This is a reworked article about Alcock and Brown’s flight across the Atlantic, originally published in 2008. I’ve updated and improved the information, added links and posted some new images.
Alcock and Brown fly into history
One of my great passions is early aviation, especially pioneer airmail routes. I’m always on the lookout for any material dealing with early flights, people who made them happen, early aviation routes and especially anything philately related.
I just acquired a beautiful 1919 Daily Mirror newspaper of the famous Capt. John Alcock and Lt Arthur Brown first flight across the Atlantic Ocean. I’ll bet many of you thought the first trip across the ocean was by Lindbergh. Nope… wasn’t – was by a pair of British Royal Flying Corp and RAF WW1 vets flying in a converted Vickers Bomber in June 1919 less than a year after the end of WW1. Lindbergh was the first SOLO flight, not the first flight, as is often and erroneously written.
The trip took 16 hours and 12 minutes and had some truly terrifying moments, including one where the pilots were not entirely sure if they were flying right side up, the heating in their open cockpit plane gave out, the engine freezing over and flying as close as 20ft above the ocean. When the flight ended, Alcock was quoted “We’ve had a terrible voyage … the wonder is we are here at all”. A master of understatement wasn’t he.
The flight started in St. Johns, Newfoundland June 14 and ended in June 15 in Clifton, Ireland. Actually they landed in Derrygimla Moor – a bog that looked like an inviting green field.
Put this into perspective, remember this was long before radar, satellites and in this case, no ship support to pluck them out of the water if they crashed into the brink. Alcock and Brown used a sextant to check their course – yes a sextant, the same device used by sailors to check their position on the high seas.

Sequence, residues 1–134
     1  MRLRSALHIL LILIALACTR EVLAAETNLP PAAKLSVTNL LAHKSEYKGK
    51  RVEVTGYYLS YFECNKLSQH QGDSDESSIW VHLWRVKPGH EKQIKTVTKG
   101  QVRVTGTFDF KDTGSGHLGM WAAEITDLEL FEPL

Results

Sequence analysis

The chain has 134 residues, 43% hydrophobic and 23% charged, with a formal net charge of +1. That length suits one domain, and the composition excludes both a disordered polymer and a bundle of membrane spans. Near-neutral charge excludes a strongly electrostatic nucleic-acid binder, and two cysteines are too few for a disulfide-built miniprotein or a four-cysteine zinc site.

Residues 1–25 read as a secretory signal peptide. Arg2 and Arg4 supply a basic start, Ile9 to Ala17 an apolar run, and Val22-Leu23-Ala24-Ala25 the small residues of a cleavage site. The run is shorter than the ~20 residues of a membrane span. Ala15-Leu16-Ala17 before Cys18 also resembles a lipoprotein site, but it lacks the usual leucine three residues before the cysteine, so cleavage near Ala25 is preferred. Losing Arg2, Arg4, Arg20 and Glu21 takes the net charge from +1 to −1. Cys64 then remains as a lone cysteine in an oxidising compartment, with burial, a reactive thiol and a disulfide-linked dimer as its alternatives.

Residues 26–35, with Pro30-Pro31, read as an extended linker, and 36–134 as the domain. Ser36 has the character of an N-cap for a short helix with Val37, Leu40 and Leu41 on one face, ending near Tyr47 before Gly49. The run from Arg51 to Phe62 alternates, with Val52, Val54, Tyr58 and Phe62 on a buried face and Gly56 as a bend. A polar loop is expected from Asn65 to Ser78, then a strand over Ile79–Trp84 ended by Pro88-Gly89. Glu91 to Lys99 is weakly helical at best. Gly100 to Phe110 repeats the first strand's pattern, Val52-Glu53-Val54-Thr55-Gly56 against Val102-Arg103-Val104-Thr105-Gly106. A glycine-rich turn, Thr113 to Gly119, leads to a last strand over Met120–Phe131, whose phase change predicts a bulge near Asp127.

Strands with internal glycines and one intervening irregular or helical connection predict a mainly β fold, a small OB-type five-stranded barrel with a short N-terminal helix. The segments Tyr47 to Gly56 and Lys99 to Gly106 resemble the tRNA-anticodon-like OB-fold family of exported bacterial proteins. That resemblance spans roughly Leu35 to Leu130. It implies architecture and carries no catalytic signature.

Here is a quote from the paper:
We scarcely saw the sun or the moon or the stars. For hours we saw none of them. The fog was very dense, and at times we had to descend to within 300ft of the sea.
For four hours the machine was covered in a sheet of ice carried by frozen sleet; at another time the fog was so dense that my speed indicator did not work, and for a few seconds it was very alarming.
We looped the loop, I do believe, and did a very steep spiral. We did some very comic ‘stunts’, for I have had no sense of horizon.
The winds were favourable all the way, north-west and at times south-west.
We drank coffee and ale and ate sandwiches and chocolate.
I like the part of the sandwiches and ale the best. They won the Daily Mail prize for achieving the first nonstop flight across the Atlantic. It was a whopping 10,000 pounds! That’s a princely sum now let alone back in 1919.
I’m completely chuffed about this paper. It’s 16 pages long and has all sorts of nifty tidbits about what was going on June 1919 – including some great ads and an interesting quick note on the R 34 Blimp’s 6 1/2-hour trial night run in preparation for it’s Atlantic run. It did the Trans-Atlantic run in July 1919 – starting East Fortune, Scotland to Nfld, Canada and then back via Mineola, NY to Pulham, England in 183 hours and 15 minutes. The R34 later crashed on landing in 1921.
Another interesting little article tells of the London-India flight:
The three British aviators, flying Handley-Page machine, landed for supplies at Tatoi, near Athens, on their way to London to India, via Rome.
1919 was a great year for pioneer flights. I haven’t finished reading the paper yet. I’ll post more from it later.
I’ll keep digging through my old articles and see if I can find any of the other flight related posts.